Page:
The current food production system, which prioritises animal production, is destructive to the climate, wildlife, farm animals, water bodies and people alike.

Our food production systems and agriculture are based on the exploitation of farmed animals, but they also threaten the vast majority of wildlife. Animal production wastes resources, produces emissions and causes suffering to sentient beings. One of those suffering are humans themselves: the average Finn eats around 80 kilos of meat a year, which exceeds health recommendations and is completely unsustainable from a natural perspective.

The production of animal protein is highly inefficient and environmentally damaging. Factory-farming production animals and growing animal fodder requires a lot of land and water. Government subsidies drive the production cheap and nutritionally poor food, which also impoverishes the environment. Animal production also undermines security of supply, welfare and equality in Finland.

A production system based on plant proteins would reduce carbon dioxide and methane emissions and curb the amount of nutrients in water bodies. By switching to such system, enough food could be produced with fewer resources and without animal suffering. Restoring the land previously used for factory farming would contribute to recovery of biodiversity. Released grassland could be turned back into forests or converted into traditional biotopes that support and strengthen biodiversity.

This summer’s unprecedented drought in Europe raises questions about water resources. A change into a sustainable food system must take place before we face a serious food crisis. Replacing the livestock industry that is dependent on export goods with plant-based production would also contribute to security of supply.

Carbon sinks

Last year, Finland produced more emissions through land use than our forests could absorb. Increased logging has a major impact.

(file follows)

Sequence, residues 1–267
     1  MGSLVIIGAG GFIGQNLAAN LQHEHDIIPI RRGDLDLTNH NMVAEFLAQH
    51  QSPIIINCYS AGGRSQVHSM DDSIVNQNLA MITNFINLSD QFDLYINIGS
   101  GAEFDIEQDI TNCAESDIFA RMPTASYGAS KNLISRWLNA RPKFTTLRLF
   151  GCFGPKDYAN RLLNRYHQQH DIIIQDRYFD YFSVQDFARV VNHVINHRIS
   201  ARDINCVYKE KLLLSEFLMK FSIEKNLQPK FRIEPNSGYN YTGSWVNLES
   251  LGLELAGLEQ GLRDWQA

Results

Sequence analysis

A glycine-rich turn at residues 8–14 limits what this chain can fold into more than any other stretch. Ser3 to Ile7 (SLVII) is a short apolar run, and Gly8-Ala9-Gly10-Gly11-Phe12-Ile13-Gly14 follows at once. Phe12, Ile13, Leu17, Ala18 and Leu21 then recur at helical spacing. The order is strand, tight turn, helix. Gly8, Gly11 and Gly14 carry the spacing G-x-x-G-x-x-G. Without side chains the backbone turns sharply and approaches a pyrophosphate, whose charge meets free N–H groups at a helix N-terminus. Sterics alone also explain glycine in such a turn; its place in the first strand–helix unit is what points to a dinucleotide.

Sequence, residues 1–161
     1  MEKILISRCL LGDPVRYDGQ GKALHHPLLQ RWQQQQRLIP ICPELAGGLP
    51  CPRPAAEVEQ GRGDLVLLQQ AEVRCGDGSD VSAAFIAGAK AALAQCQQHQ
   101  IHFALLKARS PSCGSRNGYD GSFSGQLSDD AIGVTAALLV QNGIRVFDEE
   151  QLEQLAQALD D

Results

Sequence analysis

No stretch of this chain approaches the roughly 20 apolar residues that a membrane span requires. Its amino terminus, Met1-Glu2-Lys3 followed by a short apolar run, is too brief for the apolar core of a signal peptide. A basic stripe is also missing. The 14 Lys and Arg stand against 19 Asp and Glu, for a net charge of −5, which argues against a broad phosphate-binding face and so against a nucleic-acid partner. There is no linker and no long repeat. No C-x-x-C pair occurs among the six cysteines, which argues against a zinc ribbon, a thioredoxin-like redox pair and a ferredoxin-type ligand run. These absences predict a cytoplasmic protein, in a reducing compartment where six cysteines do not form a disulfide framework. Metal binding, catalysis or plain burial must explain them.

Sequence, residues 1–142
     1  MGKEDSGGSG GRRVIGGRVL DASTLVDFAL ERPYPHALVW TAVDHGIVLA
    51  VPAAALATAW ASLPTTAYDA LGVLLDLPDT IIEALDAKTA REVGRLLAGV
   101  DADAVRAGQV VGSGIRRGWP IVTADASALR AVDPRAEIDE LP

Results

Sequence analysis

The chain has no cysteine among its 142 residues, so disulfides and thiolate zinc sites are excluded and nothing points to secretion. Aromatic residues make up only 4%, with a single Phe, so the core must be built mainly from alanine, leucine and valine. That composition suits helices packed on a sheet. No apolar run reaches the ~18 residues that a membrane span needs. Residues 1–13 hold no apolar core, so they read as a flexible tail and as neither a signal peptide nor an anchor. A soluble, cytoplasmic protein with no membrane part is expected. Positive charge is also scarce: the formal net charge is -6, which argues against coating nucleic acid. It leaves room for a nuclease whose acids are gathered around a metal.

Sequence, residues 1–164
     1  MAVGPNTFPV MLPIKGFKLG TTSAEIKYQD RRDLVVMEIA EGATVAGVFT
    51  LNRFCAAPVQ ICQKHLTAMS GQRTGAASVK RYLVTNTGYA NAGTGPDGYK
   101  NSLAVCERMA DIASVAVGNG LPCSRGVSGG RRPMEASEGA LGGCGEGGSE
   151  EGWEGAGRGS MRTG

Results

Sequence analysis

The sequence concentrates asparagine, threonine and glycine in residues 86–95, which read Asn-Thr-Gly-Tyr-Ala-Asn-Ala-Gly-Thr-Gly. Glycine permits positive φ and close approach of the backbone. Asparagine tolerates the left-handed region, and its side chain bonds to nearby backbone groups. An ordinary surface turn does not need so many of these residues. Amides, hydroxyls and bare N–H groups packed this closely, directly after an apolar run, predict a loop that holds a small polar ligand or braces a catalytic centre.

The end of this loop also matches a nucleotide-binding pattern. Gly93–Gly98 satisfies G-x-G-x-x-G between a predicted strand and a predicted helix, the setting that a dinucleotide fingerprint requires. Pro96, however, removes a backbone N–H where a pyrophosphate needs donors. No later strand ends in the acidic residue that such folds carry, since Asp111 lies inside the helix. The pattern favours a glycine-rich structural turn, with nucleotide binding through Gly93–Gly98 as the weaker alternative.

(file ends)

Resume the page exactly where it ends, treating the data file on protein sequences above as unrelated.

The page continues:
In Finland, trees are felled mainly for the paper industry and for energy. Deforestation is one of the biggest sources of greenhouse gas emissions worldwide. Degraded ecosystems and climate change can also lead to further conflicts and the climate displacement of hundreds of millions of people. The EU aims to strengthen carbon sinks to halt global warming to 1.5 degrees Celsius.

As set out in the new Climate Act, Finland is committed to achieve carbon neutrality by 2035. The Finnish Climate Panel and the Finnish Nature Panel are calling for a reduction in logging. Forest owners should be given financial incentives to protect the forest and implement biodiversity-friendly forest management practices instead of logging.

Root causes of the ecocrisis and global justice

Those who suffer the most are those who are the least to blame for the current situation. Stopping climate crisis and the loss of biodiversity requires global justice.

One of the root causes of the ecocrisis is our racist and colonialist economic system that puts the interests of the wealthy above all else. It is the wealthy states and the most privileged people who have also consumed the most of our shared resources and have benefited most from colonialism and unlimited capitalism.

As a prosperous Western country, Finland is responsible for emissions and nature decline also in countries and areas where products consumed by Finns are produced. Climate crisis has affected the global South for a long time, and recently the extreme weather events have also reached Europe.